New Delhi: Even as the uptake of precaution doses of Covid vaccines remains low and the Centre faces criticism for making the third dose available only in the private sector, Union health ministry officials have said that the shift was necessary for the government healthcare system to revert to its usual functioning.
They did not, however, rule out bringing in the government sector if the need arises.
Precaution doses opened up for healthcare, frontline workers and senior citizens in January, and for other adults on 10 April. Unlike the first two doses of the vaccine — which were available in both government and private hospitals — the precaution dose, the government had announced last Friday, would be available only in private hospitals for a payment of Rs 386 (Rs 225 plus service charges for both Covishield and Covaxin).
The move was heavily criticised by the opposition Congress. “The decision on privatisation of booster vaccine is bitter. It is brutal and it is barbarous and, unfortunately, the central feature of this new policy is discrimination by design. Virtually every country, including our neighbours Bangladesh and Pakistan, are giving out free booster doses but India sticks out as a rare exception,” said spokesperson Abhishek Manu Singhvi, according to a 9 April report in The Hindu.
According to data given out by the Union health ministry, 2.49 crore precaution doses have been administered so far.
Guidelines for the administration of precaution doses state that a person has to complete a minimum of nine months after the second dose to be eligible for the third one. Till 14 July, 2021 (nine months before 14 April, 2022), the total number of Indians to have received the second dose of the vaccine was around 7.63 crore.
ThePrint sought a comment from the health ministry via email on the rationale behind precaution doses being made available only in the private sector. This article will be updated when a response is received.
However, senior officials in the ministry, who spoke to ThePrint on condition of anonymity, explained that the need to shift the onus of precaution doses to the private sector was felt because the health system needed to get back to its normal functioning.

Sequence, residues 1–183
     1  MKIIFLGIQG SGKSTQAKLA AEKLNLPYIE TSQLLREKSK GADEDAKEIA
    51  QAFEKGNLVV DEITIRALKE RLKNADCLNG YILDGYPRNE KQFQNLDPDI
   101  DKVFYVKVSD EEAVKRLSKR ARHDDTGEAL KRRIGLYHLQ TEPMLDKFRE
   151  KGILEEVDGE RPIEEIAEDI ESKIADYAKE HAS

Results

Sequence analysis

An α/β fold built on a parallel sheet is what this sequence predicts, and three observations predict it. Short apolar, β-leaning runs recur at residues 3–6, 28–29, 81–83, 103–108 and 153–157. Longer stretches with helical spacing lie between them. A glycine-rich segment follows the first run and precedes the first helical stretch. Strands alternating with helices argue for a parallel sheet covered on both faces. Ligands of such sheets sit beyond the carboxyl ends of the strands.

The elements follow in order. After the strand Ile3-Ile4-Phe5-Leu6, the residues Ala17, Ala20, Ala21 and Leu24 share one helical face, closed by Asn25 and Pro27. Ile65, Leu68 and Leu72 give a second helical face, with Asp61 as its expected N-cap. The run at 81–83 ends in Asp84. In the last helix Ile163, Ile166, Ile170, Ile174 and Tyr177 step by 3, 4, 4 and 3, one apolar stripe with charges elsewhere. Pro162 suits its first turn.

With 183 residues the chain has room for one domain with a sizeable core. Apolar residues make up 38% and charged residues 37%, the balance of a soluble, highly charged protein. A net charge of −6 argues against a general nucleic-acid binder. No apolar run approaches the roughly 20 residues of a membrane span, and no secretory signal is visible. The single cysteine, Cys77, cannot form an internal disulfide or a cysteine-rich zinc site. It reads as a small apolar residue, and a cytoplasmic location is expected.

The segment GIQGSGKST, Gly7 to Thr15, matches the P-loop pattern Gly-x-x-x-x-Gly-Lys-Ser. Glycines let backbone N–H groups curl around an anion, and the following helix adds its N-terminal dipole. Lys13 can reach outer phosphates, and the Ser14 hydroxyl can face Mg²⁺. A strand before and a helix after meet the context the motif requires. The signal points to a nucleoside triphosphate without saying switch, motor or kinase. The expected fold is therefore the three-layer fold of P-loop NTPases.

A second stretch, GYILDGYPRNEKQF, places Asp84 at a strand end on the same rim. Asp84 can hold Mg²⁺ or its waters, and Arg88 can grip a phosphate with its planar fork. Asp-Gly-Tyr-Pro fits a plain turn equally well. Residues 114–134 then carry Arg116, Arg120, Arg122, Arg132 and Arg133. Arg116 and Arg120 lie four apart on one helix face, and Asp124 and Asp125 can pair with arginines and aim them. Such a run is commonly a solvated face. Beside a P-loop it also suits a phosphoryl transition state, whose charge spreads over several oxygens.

“Look around the world, some countries have moved on to the fourth dose of the vaccine. If we continue to do this, the government health system will forever be caught in this Covid cycle. There are many other things the health system needs to do and we have to return to those things. Life has to come back to normal,” an official explained, adding that many health services including tuberculosis control, routine immunisation and care for other diseases suffered during the pandemic.
Asked if the price tag may be one of the reasons for the low uptake, especially since the first two doses were available for free in government hospitals, the official said: “You have to appreciate the fact that we have brought the prices down to Rs 225 per dose. There are many who are not even eligible yet.”
However, another official in the ministry said that should the need be felt, there was always scope for a “relook” of the precaution doses policy at a later date.
Experts differ on booster need
Some experts have questioned the price tag of the precaution doses and have also linked it indirectly to the possibility that the government may not deem it necessary for all to get their precaution doses immediately.
Speaking to ThePrint on condition of anonymity, a prominent public health expert said: “The government seems to believe that in the current situation, when the pandemic is at a low ebb and the government has ensured vaccination of those at risk including the elderly, the precaution dose is optional. The private sector has been complaining about underutilisation, so people who are willing to pay can do so and take the shot.”
Others have questioned whether there is a need for booster doses at all, given that much of the Indian population already has hybrid immunity conferred by vaccination and infection.
In a piece carried by the The Times of India on 8 April, Dr K.S. Reddy, a public health expert and president of the Public Health Foundation of India, acknowledged the government’s argument that the responsibility is to prevent serious disease and death, which is fulfilled by the vaccination of the vulnerable. But he also asked what happens to poor people under 60 years of age whose immunity may also be fading — will state governments step in to fund their vaccines?
(Edited by Gitanjali Das)